By the way, the projections of Nate Silver, who runs the influential fivethirtyeight blog, were off by about 1.5 percent.

How do these results reflect on the parties’ use of Big Data? There appeared to be two key insights that made this election different.

First, perhaps one-third of people voting could only be reached via cell phone – a change in communications pollsters have ignored or resisted – and they voted in a significantly different way.  Second, only perhaps 5 percent of the electorate reached the Labor Day start of the campaign with a changeable vote – again, a major difference from 20-40 years ago, when sizable numbers of votes were up for grabs even late in the race.  Public gaffes, debate mistakes, Hurricane Sandy – it didn’t make that much difference. 

Given this, the Romney campaign’s one faint hope was voter turnout – unprecedented turnout for him in battleground states. Yet it appears there was not the slightest appreciation of this issue in the campaign.

Instead, the Romney campaign or related groups spent enormous sums on TV ads in the obvious markets, to the point where one station in Ohio was actually running more ads than programming. The crime wasn’t that this was wasted money; it was that relatively little money was spent on “getting out the vote” efforts that might have made a difference.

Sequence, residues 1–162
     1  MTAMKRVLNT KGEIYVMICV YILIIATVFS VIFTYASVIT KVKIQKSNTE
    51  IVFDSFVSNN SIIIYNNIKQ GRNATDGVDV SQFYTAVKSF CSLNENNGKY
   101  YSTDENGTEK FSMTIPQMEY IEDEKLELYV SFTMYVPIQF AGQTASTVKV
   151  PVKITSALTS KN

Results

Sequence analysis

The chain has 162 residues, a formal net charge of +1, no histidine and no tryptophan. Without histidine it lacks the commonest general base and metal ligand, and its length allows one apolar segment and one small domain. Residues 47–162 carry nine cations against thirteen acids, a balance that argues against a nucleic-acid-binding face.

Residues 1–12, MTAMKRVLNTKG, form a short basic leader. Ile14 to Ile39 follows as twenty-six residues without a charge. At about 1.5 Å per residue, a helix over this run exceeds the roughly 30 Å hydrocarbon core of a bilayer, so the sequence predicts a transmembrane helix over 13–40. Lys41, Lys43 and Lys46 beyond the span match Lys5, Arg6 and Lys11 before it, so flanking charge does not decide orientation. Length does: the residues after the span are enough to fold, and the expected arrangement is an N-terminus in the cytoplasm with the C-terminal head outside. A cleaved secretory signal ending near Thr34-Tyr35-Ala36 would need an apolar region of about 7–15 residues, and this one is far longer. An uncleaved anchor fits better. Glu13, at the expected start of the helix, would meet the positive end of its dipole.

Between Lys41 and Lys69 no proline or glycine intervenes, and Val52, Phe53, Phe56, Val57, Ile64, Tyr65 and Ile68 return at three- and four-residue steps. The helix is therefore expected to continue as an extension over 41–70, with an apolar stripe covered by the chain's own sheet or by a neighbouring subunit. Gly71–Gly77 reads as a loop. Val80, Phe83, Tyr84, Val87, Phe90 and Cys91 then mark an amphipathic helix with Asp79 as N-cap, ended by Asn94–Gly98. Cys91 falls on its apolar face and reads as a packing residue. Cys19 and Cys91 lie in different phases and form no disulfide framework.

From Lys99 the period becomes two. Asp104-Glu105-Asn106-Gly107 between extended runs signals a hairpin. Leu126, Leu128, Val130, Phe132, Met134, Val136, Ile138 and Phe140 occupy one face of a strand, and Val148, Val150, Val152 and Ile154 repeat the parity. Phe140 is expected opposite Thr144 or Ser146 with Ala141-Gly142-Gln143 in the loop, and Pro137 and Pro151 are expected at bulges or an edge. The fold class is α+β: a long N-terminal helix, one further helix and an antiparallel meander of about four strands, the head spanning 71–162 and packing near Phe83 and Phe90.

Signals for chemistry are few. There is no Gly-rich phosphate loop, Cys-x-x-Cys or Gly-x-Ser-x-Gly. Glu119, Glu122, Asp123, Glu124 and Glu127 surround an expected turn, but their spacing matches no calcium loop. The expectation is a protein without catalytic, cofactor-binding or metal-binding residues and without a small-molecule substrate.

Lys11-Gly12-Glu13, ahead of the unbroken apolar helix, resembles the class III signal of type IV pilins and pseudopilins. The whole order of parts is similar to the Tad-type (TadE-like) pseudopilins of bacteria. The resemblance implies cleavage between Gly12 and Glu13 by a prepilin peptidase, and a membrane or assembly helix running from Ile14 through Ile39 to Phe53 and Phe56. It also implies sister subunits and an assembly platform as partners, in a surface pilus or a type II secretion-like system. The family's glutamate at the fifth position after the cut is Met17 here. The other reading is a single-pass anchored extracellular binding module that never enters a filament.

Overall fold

In fact, most of the Republican Big Data folks’ attention was focused on a series of seemingly baffling Obama ads running in small markets targeting small demographics.  As a result, the GOP’s Big Data folks were suffering from the “fog of war,” trying to counter an enemy they did not understand.

Again, by contrast, the Obama campaign focused on a new insight garnered from its use of Big Data to identify the “customer of one.” More specifically, they realized that although most votes were unchangeable, smaller pockets of “conservative” voters could change their mind if policies they valued and prioritized were brought to their attention. These could be reached by, say, ads highlighting social programs aimed at women in typically conservative rural Ohio markets. (These were among the ads that so confused the Romney campaign.)